Pitot F-14 Tomcat watch review

Keith Campbell takes a look at the Pitot Watches F-14 Tomcat: is it, as its name suggests, the Top Gun of watches?

Pitot Watches F-14 Tomcat Review

It’s the bottom of the 9th, the score is tied. It’s time for the big one. You up for this one, Maverick?

As someone who has spent a fair amount of time in fast jets and as a self-confessed avgeek, I was quite excited to see these watches in their design stage several years ago. The journey to production was a long one for various reasons but it was eventually successful and, through a successful Kickstarter campaign, they made their way onto the open market. What has been produced is a little gem of a watch and it comes in several different Tomcat-themed versions.

They are not designed in the normal ‘pilot’ watch layout, but have a stylised look that has been purposefully planned across the range (a target-rich environment) to pay homage to the mighty US Navy F-14 Tomcat, made famous to all in the Top Gun movie starring Tom Cruise in 1986. As a teenager, as I was learning to fly, I had a VHS cassette that was edited down to purely the flying scenes. It was very much a formative movie for me!

Anyway, will these watches live up to my hopes and dreams? Have I lost that loving feeling with them or will the fancy flying impress me? I could tell you, but then I’d have to kill you. OK, I’ll write it down for you to read, so we should all be fine… I can’t shoot it, so let’s see if we can have a little fun.

Pitot Watches

The name Pitot was the surname of Frenchman Henri Pitot. He invented the pitot tube, which are found on all aircraft and helicopters. It consists of tubes or vents that are used to measure static and dynamic pressure to allow variables such as speed and altitude to be read from the cockpit instruments. Design and development have been carried out by a former RDAF aircraft technician. Currently under development is a watch designed around the F/A-18 Super Hornet, hopefully in time for Top Gun 2!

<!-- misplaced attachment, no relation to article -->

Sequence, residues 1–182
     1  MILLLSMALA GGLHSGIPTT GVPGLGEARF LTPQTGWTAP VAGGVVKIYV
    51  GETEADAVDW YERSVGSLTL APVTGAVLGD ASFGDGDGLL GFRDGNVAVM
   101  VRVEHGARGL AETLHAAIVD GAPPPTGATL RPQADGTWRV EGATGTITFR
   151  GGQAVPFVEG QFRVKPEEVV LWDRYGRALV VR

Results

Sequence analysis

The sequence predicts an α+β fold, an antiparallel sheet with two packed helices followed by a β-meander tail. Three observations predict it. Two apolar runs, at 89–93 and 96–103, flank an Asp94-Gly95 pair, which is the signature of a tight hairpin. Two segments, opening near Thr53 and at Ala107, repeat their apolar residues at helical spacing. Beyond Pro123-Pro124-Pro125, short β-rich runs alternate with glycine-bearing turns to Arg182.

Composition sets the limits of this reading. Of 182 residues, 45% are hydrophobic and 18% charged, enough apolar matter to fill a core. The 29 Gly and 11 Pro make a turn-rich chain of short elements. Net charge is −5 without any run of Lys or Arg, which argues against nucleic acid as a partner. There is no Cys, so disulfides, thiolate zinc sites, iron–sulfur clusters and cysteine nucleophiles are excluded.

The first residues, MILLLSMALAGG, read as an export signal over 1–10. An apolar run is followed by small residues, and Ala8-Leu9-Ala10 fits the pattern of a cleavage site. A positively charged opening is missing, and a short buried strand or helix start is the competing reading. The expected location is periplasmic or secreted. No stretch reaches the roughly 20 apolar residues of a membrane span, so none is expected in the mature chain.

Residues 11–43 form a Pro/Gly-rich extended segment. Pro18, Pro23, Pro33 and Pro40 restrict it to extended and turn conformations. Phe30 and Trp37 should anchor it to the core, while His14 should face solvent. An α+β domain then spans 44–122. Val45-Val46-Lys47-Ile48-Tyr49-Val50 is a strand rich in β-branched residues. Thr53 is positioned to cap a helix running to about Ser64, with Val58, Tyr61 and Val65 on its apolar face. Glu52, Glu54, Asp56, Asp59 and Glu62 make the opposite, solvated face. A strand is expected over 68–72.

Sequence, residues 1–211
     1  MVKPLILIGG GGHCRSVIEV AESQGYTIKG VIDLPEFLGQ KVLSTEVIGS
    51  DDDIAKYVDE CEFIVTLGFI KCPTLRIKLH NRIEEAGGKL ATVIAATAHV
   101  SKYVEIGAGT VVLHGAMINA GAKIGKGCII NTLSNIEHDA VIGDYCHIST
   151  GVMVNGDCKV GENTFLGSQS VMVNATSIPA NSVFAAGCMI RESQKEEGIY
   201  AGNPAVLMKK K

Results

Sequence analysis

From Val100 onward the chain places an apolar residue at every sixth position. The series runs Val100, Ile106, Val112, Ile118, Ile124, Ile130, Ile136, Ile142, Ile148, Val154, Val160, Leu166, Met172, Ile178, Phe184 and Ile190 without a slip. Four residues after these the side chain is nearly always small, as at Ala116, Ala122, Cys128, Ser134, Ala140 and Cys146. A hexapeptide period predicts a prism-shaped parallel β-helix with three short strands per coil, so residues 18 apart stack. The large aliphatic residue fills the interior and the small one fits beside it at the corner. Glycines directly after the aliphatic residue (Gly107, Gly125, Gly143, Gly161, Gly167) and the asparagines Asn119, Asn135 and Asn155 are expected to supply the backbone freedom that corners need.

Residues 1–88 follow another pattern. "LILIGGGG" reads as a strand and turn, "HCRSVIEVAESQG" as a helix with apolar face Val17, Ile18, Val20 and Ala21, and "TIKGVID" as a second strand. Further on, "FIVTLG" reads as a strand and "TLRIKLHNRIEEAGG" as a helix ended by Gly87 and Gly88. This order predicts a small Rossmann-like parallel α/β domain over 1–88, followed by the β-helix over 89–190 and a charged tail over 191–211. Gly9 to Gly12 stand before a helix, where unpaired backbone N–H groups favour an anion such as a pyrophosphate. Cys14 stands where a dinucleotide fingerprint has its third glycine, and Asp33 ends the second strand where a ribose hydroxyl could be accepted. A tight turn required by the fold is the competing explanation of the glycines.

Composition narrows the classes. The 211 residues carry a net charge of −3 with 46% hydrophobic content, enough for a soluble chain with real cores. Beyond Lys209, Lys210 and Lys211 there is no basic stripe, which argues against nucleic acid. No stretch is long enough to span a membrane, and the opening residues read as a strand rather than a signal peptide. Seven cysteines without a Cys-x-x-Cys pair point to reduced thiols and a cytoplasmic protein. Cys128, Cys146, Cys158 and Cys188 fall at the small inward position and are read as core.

The case is manufactured from 316L stainless steel. The case sides are designed to resemble the air intakes of the Tomcat with black PVC inserts and hex screws. All in all not an earth-shattering design, but certainly something a little different, which must be applauded when a lot of manufacturers are possibly playing it safe and not taking risks by making something a bit different. It is 45mm wide with a height of 12mm. The lug to lug is identical to the width at 45mm. The strap is 22mm and a good quality Horween leather or nylon which complements the different designs very well.


Looking through the anti-reflection coated sapphire crystal, you can see the target-rich environment within. Each of the designs is completely unique, so you decide which is the best of the best for yourself. Lume is very good indeed, showing you’re a lot brighter than you look…


Power is provided via a Seiko NH35A movement, ticking away at 21,600 bph – nice and dependable, in case your life depends upon it. When it rolls inverted, you can see through the open case back into the movement as another nod to the F-14 is seen in the Tomcat shaped rotor. Great balls of fire!


If you feel the need, the need for speed, this could be just the watch range for you. It could be your wingman any time. Yes, the designs are a bit quirky, but something different is viewed by me in this instance as something good. Further aircraft-inspired designs are in the pipeline from Pitot, and if they are as good as these, they should prove very popular amongst the aviation fraternity. I’ve flown with one on my wrist a few times and it has survived that as well, which is a good indicator of a sturdy timepiece. Are these watches the best of the best? Talk to me, Goose…

By Keith Campbell

After spending 16 years circumnavigating the globe and going up-diddly-up as part of the Royal Air Force, Keith became a Professional Aviation Photographer. His natural progression to watch product photography came after companies approached him due to the images he was creating of his own watch collection with an aviation theme. He now works with over 50 watch brands, from the majors to micro brands. His aviation (and Star Wars) work can be found and purchased via his website at www.captureasecond.com along with @captureasecond on both Instagram and Twitter. Worth following out of morbid curiosity!

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